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目前顯示的是 4月, 2015的文章

[分享] 攝影展覽《看見看不見的》:當電影膠卷保存不當時,變成照片顯得更有趣。

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The Unseen Seen: When film reels aren’t preserved perfectly, it makes them all the more interesting to photograph  《 看見看不見的 》展覽 :當電影膠卷保存不當時,變成照片顯得更有趣。 ( 此篇僅作為參考翻譯,若翻譯有誤煩請提醒。譯/岑竹) 原作者:Teddy Wilson | April 10, 2015 10:54 AM ET Courtesy of Reiner Riedler 35 mm Positive Print of "Ginger und Fred" (orig. Ginger e Fred), 1985, Dir. Federico Fellini, act 1 of 7 When photographer Reiner Riedler began shooting film reels and negatives, he veered away from capturing the content of movies, focusing his lens instead on the stories the reels themselves told. His creative playground, Berlin’s Deutsche Kinemathek film archive, housed hundreds of thousands of films spanning decades. When travel and archiving failed to preserve the reels perfectly, it was good news for Riedler. Rips, scratches and imperfections made the reels all the more interesting to photograph. His travelling exhibition, The Unseen Seen, opens at the TIFF Bell Lightbox this week as part o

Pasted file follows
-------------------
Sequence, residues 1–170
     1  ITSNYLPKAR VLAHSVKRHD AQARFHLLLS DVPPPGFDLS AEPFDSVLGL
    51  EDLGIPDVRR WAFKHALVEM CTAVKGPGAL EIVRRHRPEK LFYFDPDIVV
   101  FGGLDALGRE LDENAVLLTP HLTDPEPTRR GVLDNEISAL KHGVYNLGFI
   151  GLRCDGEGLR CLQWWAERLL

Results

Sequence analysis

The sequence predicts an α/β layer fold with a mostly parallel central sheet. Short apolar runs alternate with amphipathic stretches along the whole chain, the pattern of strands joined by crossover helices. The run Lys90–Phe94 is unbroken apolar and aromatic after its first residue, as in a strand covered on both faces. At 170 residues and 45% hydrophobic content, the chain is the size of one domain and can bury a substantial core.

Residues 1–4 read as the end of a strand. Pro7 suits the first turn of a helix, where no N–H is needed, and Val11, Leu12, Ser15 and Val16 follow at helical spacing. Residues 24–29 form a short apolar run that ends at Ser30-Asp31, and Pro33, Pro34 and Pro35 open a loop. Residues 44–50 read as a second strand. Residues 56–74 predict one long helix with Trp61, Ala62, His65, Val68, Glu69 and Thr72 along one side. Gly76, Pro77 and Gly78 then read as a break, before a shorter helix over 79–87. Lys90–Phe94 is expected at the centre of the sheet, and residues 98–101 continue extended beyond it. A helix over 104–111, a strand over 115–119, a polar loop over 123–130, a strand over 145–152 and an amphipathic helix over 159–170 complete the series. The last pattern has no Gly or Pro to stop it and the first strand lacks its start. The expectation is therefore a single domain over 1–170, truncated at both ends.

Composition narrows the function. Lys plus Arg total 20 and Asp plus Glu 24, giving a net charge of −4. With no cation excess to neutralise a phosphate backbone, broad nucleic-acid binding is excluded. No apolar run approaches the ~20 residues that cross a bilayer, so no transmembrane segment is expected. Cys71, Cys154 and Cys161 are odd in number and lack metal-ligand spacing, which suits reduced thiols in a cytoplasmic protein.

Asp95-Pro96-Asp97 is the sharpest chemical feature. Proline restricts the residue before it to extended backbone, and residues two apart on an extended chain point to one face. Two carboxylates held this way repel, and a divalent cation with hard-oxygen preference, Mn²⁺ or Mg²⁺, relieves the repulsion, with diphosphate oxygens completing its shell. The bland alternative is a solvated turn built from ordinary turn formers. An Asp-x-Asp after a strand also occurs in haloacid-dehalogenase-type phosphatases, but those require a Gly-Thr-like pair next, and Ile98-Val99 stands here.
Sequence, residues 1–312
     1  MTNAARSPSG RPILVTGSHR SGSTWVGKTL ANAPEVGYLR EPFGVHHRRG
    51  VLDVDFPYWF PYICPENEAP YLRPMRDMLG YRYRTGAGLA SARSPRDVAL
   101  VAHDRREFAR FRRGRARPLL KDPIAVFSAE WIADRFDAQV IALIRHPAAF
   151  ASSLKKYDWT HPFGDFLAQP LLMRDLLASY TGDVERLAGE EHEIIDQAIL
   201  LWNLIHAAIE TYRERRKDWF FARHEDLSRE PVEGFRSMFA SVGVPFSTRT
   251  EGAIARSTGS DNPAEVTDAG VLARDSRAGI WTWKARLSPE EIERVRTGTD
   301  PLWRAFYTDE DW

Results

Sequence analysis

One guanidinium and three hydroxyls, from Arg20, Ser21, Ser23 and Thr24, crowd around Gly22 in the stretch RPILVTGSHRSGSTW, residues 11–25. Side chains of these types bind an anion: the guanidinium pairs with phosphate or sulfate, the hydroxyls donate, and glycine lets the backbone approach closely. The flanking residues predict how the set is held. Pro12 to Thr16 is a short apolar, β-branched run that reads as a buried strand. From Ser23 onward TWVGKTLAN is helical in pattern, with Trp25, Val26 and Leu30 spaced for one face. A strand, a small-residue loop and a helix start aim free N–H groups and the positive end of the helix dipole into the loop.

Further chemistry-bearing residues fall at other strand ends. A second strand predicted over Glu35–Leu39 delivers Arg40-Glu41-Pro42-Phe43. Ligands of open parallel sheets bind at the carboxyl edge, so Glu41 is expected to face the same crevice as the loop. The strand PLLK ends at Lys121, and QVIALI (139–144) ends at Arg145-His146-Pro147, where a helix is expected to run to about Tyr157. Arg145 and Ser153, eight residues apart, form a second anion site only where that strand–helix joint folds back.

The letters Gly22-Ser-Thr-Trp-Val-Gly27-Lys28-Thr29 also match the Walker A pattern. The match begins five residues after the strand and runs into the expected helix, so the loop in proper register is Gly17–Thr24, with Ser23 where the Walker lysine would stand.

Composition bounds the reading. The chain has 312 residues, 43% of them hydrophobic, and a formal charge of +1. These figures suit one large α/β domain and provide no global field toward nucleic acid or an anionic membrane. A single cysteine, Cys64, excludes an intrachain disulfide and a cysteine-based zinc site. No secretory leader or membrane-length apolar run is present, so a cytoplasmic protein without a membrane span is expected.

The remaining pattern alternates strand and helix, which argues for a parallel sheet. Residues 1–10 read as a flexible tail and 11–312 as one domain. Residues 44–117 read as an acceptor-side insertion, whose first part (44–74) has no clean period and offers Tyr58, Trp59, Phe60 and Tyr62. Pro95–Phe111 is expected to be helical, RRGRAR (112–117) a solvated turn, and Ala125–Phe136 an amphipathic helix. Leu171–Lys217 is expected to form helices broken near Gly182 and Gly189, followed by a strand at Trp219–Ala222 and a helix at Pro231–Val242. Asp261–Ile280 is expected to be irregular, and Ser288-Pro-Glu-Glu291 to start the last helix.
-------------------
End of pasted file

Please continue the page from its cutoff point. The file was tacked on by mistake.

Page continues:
Kitchen Sink Cinema: Artist-Run Film Laboratories

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http://www.filmcomment.com/entry/artist-run-film-laboratories Kitchen Sink Cinema: Artist-Run Film Laboratories By Genevieve Yue on March 30, 2015 Print page from Recipes for Disaster: A Handcrafted Film Cookbooklet , by Helen Hill, 2005 There are roughly 65 film labs left in the world, of which around 20 are in North America. These ranks, along with the number of film stocks being manufactured, dwindled as digital technologies have saturated the realm of production and studios have moved away from film. When it comes to labs that process 16mm film—a mainstay of experimental film—and small-gauge stocks, only a few commercial options exist, mostly in the United States: Cinelab , in Boston; ColorLab in Maryland;  Dwayne’s Photo in Kansas; and Fotokem in Burbank. One of the most recent casualties of this tech